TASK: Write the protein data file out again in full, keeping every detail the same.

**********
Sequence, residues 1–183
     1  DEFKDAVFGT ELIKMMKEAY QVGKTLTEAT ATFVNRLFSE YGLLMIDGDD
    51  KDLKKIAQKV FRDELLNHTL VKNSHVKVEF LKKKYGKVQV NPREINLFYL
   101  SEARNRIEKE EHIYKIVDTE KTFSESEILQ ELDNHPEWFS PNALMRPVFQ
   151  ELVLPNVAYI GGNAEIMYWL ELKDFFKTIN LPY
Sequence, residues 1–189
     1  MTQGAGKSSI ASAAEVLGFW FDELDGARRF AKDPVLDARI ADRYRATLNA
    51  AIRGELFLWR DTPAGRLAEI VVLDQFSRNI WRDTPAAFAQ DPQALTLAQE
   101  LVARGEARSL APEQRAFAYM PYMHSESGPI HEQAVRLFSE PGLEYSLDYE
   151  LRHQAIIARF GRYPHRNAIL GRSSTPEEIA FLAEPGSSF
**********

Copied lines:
Sequence, residues 1–183
     1  DEFKDAVFGT ELIKMMKEAY QVGKTLTEAT ATFVNRLFSE YGLLMIDGDD
    51  KDLKKIAQKV FRDELLNHTL VKNSHVKVEF LKKKYGKVQV NPREINLFYL
   101  SEARNRIEKE EHIYKIVDTE KTFSESEILQ ELDNHPEWFS PNALMRPVFQ
   151  ELVLPNVAYI GGNAEIMYWL ELKDFFKTIN LPY
Sequence, residues 1–189
     1  MTQGAGKSSI ASAAEVLGFW FDELDGARRF AKDPVLDARI ADRYRATLNA
    51  AIRGELFLWR DTPAGRLAEI VVLDQFSRNI WRDTPAAFAQ DPQALTLAQE
   101  LVARGEARSL APEQRAFAYM PYMHSESGPI HEQAVRLFSE PGLEYSLDYE
   151  LRHQAIIARF GRYPHRNAIL GRSSTPEEIA FLAEPGSSF